A report from Men’s Health Forum in Ireland and the HSE reported that men are four times more likely to die by suicide than women and the highest risk group is among those aged 45-54.
In 2017, 8 out of 10 people who died by suicide were male. There were 392 suicide deaths in Ireland and 335 (79%) were male according to provisional figures from the Central Statistics Office.
The causes of suicide are complex. There’s no single reason why men take their own lives, but we do know that by improving overall mental health we can reduce the risk of suicide. Men sometimes aren’t comfortable reaching out, or they think it might be a burden for their friends if they talk openly about life’s challenges. Or worse still, they worry that it is a sign if weakness. If a guy you know seems to be going through a tough time, they might not talk about it even if they want to. The first step in looking out for them is reaching out.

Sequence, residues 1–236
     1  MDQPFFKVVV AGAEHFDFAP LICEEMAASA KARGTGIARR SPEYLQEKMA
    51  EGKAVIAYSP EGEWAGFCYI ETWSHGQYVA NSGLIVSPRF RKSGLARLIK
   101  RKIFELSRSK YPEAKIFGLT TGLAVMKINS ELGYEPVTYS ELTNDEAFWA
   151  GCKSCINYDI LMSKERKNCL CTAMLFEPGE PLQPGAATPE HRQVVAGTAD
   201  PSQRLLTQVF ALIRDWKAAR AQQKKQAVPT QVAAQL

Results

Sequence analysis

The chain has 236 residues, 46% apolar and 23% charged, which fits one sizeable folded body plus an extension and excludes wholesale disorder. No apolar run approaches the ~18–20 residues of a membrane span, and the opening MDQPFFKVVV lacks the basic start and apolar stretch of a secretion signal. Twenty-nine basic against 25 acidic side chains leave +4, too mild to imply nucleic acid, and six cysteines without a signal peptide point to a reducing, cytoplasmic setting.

How can you help?
You can’t fix someone else’s problems, but you can be there for them. Sometimes listening is the most helpful thing you can do. Before you start a difficult conversation, prepare yourself. Make sure you are in a good state of mind and you have time to listen.
- ASK – Start with what you’ve seen. “You seem a bit stressed these days. Is anything up?”
- LISTEN – Don’t try to diagnose his problems, offer solutions or give advice – just listen.
- ENCOURAGE ACTION – Ask him about the things he used to enjoy, or encourage him to consider talking to others around him. If you think he needs more, encourage him to see a doctor or another professional.
- CHECK IN – Keep in touch with where he’s at and make a plan to catch up. Make sure he knows you’re there.
Get more information on the Movember site here
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